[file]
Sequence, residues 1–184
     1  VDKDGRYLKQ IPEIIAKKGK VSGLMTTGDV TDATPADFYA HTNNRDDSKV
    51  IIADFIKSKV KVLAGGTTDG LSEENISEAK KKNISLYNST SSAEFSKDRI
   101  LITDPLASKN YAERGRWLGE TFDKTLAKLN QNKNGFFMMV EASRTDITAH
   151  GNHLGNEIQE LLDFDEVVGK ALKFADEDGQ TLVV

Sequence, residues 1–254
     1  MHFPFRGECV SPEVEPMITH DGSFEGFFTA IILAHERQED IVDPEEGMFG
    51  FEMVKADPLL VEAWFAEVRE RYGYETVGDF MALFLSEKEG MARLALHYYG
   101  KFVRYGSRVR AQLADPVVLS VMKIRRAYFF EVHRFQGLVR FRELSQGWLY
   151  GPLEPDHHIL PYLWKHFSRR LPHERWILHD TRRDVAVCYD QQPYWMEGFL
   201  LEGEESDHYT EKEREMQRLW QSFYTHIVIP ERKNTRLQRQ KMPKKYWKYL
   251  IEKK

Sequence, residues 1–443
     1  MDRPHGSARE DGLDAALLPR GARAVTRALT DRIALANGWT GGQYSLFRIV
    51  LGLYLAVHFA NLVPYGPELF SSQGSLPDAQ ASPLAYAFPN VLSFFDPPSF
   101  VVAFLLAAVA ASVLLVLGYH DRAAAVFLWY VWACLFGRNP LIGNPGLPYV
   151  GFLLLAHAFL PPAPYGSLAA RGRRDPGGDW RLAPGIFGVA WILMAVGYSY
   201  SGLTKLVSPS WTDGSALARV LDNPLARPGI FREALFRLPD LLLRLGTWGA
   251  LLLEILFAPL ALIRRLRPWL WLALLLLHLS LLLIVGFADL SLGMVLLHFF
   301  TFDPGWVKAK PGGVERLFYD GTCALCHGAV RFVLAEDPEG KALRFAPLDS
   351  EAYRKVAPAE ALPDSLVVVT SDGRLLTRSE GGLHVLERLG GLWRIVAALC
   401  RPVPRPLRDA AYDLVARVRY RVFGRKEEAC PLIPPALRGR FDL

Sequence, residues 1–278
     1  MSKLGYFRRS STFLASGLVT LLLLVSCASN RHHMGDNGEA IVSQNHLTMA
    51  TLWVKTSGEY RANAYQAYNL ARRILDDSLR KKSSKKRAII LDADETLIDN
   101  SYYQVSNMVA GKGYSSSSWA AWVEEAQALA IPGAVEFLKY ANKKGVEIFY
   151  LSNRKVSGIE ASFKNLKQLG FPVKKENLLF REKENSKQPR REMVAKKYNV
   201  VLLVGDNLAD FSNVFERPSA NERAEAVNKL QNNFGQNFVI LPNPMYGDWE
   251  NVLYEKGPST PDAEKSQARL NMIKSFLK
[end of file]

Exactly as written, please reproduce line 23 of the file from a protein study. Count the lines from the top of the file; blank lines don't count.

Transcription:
Sequence, residues 1–278